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So I was doing the dishes this morning using a sink wand hat can toggle between different flow speeds. The way that I've always thought of this working is using the equation of continuity:

Volume flow rate: = Area*velocity

Pressing a button on the wand decreases the cross-sectional area and correspondingly increases the flow velocity assuming that the flow rate is constant.

The issue that I'm running into is trying to simultaneously explain this with Bernoulli's equation:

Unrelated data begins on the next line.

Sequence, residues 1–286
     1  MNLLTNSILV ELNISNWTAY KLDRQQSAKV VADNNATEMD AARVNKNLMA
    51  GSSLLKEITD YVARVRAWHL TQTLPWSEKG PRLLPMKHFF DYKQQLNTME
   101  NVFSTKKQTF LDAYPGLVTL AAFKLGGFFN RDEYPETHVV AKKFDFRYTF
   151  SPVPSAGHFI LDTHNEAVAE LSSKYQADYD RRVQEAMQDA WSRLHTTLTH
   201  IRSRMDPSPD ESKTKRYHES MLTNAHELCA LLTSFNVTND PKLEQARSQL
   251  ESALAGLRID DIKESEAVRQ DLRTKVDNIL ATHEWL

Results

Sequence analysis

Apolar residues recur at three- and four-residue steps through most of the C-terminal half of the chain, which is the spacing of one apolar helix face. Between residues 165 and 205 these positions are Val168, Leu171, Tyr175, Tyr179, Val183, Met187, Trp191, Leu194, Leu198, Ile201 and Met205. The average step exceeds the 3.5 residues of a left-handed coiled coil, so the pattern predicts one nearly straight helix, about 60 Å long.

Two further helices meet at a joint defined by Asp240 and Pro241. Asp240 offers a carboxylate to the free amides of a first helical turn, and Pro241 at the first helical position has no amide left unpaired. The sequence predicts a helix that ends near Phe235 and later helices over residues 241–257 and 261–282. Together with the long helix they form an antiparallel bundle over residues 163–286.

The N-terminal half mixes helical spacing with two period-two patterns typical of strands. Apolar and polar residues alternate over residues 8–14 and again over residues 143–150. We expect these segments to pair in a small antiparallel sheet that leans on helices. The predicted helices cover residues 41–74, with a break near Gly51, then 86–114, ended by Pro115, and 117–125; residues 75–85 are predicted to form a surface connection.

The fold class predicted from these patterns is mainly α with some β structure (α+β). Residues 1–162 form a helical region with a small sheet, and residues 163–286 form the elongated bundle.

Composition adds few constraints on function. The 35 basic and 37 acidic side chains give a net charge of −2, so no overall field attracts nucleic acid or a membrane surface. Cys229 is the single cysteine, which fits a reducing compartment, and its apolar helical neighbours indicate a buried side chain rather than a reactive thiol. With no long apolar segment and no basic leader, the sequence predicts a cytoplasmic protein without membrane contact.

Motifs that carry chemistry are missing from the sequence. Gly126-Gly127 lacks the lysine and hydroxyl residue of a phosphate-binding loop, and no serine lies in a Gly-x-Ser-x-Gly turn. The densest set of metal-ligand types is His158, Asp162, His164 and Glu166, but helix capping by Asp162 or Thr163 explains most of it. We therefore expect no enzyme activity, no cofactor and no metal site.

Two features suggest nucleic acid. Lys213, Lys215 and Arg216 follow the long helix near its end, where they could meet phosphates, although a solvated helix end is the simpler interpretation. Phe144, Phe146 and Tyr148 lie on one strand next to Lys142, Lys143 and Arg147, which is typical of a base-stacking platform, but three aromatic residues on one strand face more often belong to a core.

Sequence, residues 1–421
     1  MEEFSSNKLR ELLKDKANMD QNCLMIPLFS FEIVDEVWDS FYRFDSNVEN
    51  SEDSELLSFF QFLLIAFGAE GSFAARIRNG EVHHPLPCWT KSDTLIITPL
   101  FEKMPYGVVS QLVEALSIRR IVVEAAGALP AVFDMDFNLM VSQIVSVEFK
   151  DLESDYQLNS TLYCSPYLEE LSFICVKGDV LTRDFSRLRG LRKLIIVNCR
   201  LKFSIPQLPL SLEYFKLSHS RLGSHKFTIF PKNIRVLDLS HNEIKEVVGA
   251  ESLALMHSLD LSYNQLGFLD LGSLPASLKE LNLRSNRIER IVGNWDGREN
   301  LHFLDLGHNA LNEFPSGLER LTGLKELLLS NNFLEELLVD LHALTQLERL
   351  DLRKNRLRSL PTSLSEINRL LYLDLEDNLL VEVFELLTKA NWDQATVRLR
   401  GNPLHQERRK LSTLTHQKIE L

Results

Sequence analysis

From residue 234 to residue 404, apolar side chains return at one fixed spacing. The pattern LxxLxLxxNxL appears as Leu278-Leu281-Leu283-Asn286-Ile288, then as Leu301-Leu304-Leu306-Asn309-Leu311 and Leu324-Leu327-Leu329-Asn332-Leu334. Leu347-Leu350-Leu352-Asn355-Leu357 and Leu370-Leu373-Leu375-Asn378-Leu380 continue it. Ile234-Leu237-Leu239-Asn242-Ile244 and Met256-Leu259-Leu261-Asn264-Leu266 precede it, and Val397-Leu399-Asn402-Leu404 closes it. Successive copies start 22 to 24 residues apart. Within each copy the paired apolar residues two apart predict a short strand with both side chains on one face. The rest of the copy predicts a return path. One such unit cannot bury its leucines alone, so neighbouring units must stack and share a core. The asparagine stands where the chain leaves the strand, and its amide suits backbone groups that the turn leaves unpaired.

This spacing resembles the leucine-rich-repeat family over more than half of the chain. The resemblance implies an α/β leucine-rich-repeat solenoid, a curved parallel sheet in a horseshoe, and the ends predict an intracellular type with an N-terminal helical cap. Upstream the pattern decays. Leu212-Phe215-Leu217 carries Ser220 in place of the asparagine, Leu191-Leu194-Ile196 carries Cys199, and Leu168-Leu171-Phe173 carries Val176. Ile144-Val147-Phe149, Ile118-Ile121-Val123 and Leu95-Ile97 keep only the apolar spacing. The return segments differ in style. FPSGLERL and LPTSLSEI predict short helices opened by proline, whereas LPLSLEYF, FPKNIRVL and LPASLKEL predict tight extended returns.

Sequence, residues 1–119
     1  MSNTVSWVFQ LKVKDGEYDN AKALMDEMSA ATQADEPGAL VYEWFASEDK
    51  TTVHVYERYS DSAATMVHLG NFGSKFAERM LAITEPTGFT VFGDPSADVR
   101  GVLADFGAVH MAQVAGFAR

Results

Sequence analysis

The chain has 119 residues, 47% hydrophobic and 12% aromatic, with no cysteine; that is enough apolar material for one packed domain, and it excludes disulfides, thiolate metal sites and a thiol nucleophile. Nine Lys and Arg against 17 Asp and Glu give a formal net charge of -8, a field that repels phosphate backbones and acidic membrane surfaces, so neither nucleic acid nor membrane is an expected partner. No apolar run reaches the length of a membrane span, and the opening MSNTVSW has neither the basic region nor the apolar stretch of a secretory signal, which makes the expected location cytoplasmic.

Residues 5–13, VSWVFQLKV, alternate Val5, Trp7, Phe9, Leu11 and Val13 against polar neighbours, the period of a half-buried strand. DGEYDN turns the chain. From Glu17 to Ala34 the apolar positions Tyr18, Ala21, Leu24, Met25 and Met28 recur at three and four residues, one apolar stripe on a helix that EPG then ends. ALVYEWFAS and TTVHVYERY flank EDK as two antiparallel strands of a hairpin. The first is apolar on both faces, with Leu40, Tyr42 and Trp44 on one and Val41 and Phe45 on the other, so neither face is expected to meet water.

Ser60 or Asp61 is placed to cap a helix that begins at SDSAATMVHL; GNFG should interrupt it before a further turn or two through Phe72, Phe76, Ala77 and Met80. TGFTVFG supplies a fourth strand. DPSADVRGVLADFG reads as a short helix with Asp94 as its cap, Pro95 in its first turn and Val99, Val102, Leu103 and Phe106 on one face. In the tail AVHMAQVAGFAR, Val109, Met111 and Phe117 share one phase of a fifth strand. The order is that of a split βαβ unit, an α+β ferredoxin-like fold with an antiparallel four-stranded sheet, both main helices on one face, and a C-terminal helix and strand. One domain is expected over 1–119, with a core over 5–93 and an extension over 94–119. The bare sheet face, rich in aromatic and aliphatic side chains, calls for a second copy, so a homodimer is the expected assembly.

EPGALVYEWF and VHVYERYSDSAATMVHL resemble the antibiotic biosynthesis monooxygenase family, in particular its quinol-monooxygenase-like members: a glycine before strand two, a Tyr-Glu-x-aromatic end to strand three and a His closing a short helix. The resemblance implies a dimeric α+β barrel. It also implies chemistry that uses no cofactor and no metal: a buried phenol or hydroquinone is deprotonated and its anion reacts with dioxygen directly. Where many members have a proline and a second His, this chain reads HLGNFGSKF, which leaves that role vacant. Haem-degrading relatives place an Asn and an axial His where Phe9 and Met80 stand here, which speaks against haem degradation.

P

_{1}+ pgy

_{1}+ 1/2pv

_{1}

^{2}= P

_{2}+ pgy

_{2}+ 1/2pv

_{2}

^{2}=

I'll take state 1 to be at the water reservoir or wherever the water in the pipes is pressurized and 2 to be at the outlet of the wand. I'm assuming that pressing the button on the wand does not change the pressure at the reservoir (nor at the outlet of the wand, where it is subject to atmospheric pressure).

Based on Bernoulli's equation, this would suggest that pressing the wand button should have NO effect on the flow velocity, which contradicts the result from the equation of motion. So: what am I missing here. I feel like I may be incorrect in my pressure assumption above somehow.

Thanks!

Chris